Best,
Maggie

Our First Week of School

Dear Families,

 I hope the beginning of the school year has gone smoothly at your home.  As a parent I know how stressful it can be to get everyone back to school!

Our first week here at school went very well and it feels like we are settling into the routines.  During these first weeks and days, our focus is on getting to know each other again after the long summer break.   We also set about getting to know our new children, parents and staff.  I always struggle a bit getting to know all the new names of students and parents.   There are hundreds of names of children and parents that I've needed to learn now that I've been doing this for 28 years, and that's before I became a Director and all 150 students are in "my class".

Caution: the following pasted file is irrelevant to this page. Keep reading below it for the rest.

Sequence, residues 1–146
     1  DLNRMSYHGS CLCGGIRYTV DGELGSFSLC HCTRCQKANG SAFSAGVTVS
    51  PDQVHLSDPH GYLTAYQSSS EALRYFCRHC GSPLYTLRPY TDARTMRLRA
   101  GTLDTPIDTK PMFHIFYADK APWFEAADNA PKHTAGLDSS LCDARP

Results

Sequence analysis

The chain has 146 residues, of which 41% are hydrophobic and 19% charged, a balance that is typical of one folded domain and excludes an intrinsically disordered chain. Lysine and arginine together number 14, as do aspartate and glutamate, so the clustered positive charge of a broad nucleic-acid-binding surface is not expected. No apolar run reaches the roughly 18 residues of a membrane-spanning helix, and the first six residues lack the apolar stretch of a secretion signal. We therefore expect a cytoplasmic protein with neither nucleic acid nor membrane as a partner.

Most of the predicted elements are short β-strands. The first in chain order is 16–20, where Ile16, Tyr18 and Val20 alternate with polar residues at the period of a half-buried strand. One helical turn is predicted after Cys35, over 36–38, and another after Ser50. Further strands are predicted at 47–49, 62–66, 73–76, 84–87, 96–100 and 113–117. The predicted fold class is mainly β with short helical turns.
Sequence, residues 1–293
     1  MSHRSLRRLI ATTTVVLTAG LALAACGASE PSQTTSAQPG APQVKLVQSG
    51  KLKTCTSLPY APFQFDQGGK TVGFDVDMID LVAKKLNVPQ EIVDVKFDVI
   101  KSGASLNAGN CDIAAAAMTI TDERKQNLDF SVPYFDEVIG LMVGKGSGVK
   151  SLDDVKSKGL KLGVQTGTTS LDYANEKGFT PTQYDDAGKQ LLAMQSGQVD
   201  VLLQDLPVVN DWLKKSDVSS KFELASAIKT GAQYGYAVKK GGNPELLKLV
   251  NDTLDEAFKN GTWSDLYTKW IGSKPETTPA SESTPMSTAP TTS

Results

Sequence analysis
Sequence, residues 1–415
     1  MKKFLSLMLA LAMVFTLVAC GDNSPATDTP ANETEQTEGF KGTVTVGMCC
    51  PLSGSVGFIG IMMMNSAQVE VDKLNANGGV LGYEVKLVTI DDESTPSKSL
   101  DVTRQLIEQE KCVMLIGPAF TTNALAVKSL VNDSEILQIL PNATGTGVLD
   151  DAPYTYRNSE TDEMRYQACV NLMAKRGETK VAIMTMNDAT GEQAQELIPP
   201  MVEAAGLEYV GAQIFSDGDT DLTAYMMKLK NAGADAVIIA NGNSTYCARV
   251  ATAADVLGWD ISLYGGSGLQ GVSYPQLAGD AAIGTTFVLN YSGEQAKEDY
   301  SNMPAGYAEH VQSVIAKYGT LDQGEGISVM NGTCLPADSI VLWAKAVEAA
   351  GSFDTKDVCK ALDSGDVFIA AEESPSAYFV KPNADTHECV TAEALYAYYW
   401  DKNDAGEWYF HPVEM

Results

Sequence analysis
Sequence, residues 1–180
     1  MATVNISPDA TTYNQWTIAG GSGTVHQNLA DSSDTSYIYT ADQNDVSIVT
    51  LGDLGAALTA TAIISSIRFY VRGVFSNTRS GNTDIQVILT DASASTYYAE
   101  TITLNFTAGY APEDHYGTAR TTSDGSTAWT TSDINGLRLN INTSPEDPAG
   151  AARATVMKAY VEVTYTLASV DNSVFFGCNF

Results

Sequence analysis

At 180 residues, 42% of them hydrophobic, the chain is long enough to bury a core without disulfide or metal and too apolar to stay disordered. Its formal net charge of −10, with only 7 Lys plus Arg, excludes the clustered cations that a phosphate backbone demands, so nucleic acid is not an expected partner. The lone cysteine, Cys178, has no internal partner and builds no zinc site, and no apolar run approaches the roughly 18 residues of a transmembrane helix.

Still, we know that name memorization and recollection is worth all the effort.   Being able to greet each other by name as we move around our building is an essential component of our commitment to know all the children.   Authentically greeting  each other by name is a key building block in the formation of the many trusting relationships that are needed for learning to happen. So how do we set about learning the names of 150 children?   This process is embedded in the social curriculum that takes place in the first weeks of school.  During these first few weeks, in classroom Morning Meetings, teachers are focusing on building community within their classroom.  Knowing each other's name is an essential component in that community building.  Every morning during their meetings each child is greeted by name, using many different greetings that they learn throughout the year.  All of our teachers, and many paras, have been trainied in using Responsive Classroom (RC).  Morning Meeting is an essential component in RC. Building a strong community of respect, kindness and perseverance is an important  part of everyone's classroom and when that is established we see those same attributes through the entire building.   Over the coming weeks, children will learn the names of their friends in other classes in the school as the children are intentionally mixed together during games and play.